Ahead of flying out, the 2015/16 campaign for Scottish clubs had got underway and my boss had enjoyed his time in the Armenian capital even if the heat was searing, but his team had come home with a fine 1-0 win. The following Thursday in Perth though, Scottish football hit a new low when Euro novices Alashkert won 2,1 and went through on the away goal rule. Another week on, and a car load of us sped up the A9 from Edinburgh for the first leg of Inverness v Astra tie. Looking back, it still feels a slightly surreal thing that we hosted European football, but a good crowd had turned out for the occasion. The lack of commercial exploitation of this game, or indeed the cup final has always rankled with me. The club produced a half and half scarf for an embarrassing debacle, when the visitors were some sort of Liverpool kids team, unworthy opponents for the Testimonial of Barry Wilson. A huge crowd turned out that night in the rain, many to pay Barry respects, but others believing they were going to see at least one or two well known Reds players. The Anfield kids got a right good going over with a 5-0 home win! A similar scarf or even a pennant would have been good, a worthy souvenir to mark the game, but instead the club decided to merely ramp up the price of a normal edition of the programme by two pounds, and that was it. Then before the game, we were faced with the slightly odd scenario of a newly signed goalkeeper thrown straight into the team, Owain Fon Williams. Somehow this became the news which rather overshadowed the game itself. Those who’d taken us to glory the season just past were worthy of their moment on the European stage was my opinion, and remains that way to this day!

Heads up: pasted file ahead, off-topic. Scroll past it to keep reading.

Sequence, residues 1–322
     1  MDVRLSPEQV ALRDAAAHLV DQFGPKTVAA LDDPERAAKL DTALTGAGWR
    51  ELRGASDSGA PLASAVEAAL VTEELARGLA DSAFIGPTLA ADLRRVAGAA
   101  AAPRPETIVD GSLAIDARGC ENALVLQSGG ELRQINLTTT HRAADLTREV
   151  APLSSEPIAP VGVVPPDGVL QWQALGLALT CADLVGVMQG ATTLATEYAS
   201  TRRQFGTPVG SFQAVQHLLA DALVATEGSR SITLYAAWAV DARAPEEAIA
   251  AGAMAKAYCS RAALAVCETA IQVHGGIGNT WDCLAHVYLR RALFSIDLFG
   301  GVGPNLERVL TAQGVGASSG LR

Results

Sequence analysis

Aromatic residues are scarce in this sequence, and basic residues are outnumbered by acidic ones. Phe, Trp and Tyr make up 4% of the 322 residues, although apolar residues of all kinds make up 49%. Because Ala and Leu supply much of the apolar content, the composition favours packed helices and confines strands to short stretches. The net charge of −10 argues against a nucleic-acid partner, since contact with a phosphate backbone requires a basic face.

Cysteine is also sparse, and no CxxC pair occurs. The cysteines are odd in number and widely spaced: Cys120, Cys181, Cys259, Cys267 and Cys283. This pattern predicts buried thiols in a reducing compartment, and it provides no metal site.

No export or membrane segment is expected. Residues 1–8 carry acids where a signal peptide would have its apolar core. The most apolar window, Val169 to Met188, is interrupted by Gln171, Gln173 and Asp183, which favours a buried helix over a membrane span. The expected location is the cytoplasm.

Astra were skillful, cute, streetwise and downright depressing in the art of time wasting and game management, “skills” that developed from periodically tumbles to an almost constant occurrence every time someone got too close or dared to tackle, as we powered up the second half pressure. Astra are not known as Darcii Negri (the black devils) for nothing! Their manager Marius Sumudicahad, (who was subsequently banned for two months that season for his involvement in match fixing) had been a bit mouthy in the run up to the game, and that side of the gamesmanship continued in the days afterwards too. The whole occasion sits with me in the pantheon of dull memories, like the League Cup Final with Aberdeen, both games occasions where the fans didn’t have a whole lot to hold onto and think, “If only”. Yet we were by no means second best, and matched the Romanians in every department without manufacturing any absolutely glaring opportunities, but we did have more shots on target. As it was, the game was decided by a dubious free kick awarded midway through the first half on the edge of our box, where Constantin Budescu, who jostled with our Ryan Christie as man of the match, whipped an exquisitely taken free kick up and over the wall into the net beyond the flailing new keeper. Owain had been too far to one side of the goal, offering Budescu an all too tempting large slice of the goal, but it was a great strike, even if the feeling at the time was this was a goalkeeping error.